Alaska Airlines is now requiring its employees to be vaccinated against the coronavirus, making it the latest in a growing list of airlines and other companies to implement such a mandate.
The airline said in an email to Alaska Airlines and Horizon Air employees that they would have to be vaccinated or apply for an exemption, The Seattle Times reported. The message didn’t set a hard deadline on when employees needed to be vaccinated, though it could be as early as Dec. 8, the newspaper reported.
Andrea Schneider, Alaska Airlines’ senior vice president for people, said in a memo that the decision is in line with President BidenJoe BidenFrance (and Britain) should join the Quad Election denialists smacked down by Idaho secretary of state Under Biden, the US could fall further behind in the Arctic MORE’s recent executive order requiring federal contractors to be vaccinated.
Schneider said the company’s mandate applies to the airline’s subsidiaries and some of its contractors, according to the Times.
Employees who have an exemption may be subject to protocols like “weekly testing, continued masking and social distancing, modified work schedules or locations, delayed training class start dates, the inability to attend in-person events or unpaid leaves of absence,” she wrote.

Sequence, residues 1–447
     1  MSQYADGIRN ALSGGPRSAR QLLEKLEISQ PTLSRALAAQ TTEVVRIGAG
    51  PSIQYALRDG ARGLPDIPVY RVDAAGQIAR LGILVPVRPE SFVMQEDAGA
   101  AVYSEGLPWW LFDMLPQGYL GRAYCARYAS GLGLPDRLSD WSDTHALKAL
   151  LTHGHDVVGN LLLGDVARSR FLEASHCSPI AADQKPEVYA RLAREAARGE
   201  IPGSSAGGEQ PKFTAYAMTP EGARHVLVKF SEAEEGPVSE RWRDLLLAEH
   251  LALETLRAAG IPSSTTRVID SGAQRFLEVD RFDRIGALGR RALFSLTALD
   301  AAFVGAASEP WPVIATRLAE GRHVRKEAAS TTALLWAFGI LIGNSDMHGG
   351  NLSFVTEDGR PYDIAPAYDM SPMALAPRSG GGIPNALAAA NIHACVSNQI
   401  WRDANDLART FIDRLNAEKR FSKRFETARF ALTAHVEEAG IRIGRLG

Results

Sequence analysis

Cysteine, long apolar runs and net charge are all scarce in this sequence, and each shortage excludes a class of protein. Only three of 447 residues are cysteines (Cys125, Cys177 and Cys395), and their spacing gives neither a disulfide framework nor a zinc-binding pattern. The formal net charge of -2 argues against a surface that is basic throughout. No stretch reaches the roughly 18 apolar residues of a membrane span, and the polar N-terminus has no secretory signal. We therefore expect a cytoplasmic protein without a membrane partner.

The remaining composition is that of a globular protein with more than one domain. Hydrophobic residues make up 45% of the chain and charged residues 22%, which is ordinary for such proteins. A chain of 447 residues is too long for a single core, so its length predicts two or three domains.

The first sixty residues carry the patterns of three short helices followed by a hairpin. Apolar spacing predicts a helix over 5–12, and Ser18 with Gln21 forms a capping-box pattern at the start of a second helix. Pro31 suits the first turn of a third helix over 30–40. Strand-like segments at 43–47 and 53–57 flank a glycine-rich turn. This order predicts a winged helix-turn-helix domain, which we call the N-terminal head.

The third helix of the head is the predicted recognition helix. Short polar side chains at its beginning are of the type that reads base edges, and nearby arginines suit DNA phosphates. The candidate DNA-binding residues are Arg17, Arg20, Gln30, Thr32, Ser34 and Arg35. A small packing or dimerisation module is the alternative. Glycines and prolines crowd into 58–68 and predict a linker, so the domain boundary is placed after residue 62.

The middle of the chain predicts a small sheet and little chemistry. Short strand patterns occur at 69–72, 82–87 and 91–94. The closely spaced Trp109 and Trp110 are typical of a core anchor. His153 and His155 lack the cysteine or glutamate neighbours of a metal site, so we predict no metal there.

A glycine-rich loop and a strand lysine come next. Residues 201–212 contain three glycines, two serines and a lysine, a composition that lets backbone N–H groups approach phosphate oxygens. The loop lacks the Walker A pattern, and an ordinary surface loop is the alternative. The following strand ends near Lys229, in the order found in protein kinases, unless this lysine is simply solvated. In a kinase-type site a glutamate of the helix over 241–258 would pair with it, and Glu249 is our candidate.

The Hill has reached out to Alaska Airlines for comment.
In early September, Alaska announced that it would incentivize employees to be vaccinated with $200 bonuses. According to the newspaper, the deadline for the incentive will be moved from Oct. 15 to Dec. 1.
United Airlines was the first airline to announce that it was mandating vaccines in August. On Tuesday, the company announced that it has begun laying off roughly 600 employees who refused to comply with the mandate.
Separately, JetBlue Airways told its employees that the federal mandate means that its employees will have to be fully vaccinated, according to Bloomberg.